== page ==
Books & Music
Food & Wine
Health & Fitness
Hobbies & Crafts
Home & Garden
News & Politics
Religion & Spirituality
Travel & Culture
TV & Movies
Resilience would be easily defined as the ability to return to original form. This sounds like a very basic concept and the importance may not be immediately obvious. Then, you reach for a sweater that has been left on a hanger in your closet. The shoulders have those knobs from the sides of the hanger and the need for memory is glaring right at you.
As spinners we all search the fiber shops and farms for fiber that has a great hand, but donít forget that an item that holds itís shape is just as important as one that feels soft.
There are a few ways to check fiber to test its memory as it is often called. Begin by looking at just a few fibers. The crimp must be present in the raw fiber for the yarn to have good resilience. Pull the fiber at both ends to be sure it returns to its original crimp. This is pretty much a given with wool, but with other protein fiber, there can be some variation.
If the fiber is something you have already purchased, you can iron a washed lock then wet it out again to see if the crimp returns. Remember to wet out a fiber means to soak it for awhile, at least 15 minutes, not just a quick spritz with water.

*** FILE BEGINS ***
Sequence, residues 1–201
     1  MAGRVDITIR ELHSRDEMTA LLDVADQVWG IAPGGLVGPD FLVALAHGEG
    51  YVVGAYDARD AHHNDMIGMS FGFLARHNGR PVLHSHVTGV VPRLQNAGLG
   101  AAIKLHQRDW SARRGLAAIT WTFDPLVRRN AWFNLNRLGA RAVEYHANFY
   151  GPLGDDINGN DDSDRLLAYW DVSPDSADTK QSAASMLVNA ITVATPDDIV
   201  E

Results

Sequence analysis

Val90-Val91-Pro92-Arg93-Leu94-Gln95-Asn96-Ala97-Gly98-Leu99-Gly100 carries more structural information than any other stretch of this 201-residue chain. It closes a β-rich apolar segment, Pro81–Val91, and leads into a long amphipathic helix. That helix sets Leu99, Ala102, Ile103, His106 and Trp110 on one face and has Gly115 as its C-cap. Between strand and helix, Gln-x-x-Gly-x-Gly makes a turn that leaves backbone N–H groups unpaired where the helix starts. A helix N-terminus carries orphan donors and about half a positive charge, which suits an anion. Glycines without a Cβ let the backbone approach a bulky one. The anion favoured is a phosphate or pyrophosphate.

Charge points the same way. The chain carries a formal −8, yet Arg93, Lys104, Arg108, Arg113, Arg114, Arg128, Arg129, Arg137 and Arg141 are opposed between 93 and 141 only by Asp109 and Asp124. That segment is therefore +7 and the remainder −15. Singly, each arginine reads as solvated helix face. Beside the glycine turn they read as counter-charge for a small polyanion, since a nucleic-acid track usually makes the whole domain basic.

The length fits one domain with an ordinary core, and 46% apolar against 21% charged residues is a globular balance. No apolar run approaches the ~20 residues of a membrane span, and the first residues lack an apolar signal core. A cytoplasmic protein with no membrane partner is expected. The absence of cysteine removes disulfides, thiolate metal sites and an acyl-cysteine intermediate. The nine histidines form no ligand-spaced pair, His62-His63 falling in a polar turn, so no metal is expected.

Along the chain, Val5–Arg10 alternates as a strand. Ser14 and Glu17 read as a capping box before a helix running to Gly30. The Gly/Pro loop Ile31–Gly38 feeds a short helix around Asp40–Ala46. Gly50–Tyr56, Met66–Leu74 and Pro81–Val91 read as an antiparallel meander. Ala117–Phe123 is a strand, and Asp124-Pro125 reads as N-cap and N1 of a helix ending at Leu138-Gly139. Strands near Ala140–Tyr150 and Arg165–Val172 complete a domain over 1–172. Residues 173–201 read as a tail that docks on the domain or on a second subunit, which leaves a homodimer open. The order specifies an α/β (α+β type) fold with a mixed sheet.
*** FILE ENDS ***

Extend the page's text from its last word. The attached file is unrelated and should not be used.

Have you ever taken one of your own hairs and stretched it to see how far you could go before it broke? I remember being told once that healthy human hair will stretch to one and a half times its length before breaking. After you have stretched your own hair, consider the fact that it is a protein fiber.
Some camelid fibers behave in the same manner as human hair. They do offer a great deal of stretch before breaking. This will reduce tears in finished items, but does not help the item to retain its original shape.
There are some occasions that require fiber with little memory. To weave a fine cloth, the yarn should be a very smooth and taut preparation. This will help you achieve a crisp finish to linens and other woven items.
Have no fear, if you are working with wool or any other fiber that has crimp, drying the yarn under tension will impair the fiber memory enough for the yarn to be woven. After the woven item is finished, it may require drying under tension to maintain the original shape.
| Related Articles | Editor's Picks Articles | Top Ten Articles | Previous Features | Site Map
Content copyright © 2013 by Laun Dunn. All rights reserved.
This content was written by Laun Dunn. If you wish to use this content in any manner, you need written permission. Contact Laun Dunn for details.
Website copyright © 2013 Minerva WebWorks LLC. All rights reserved.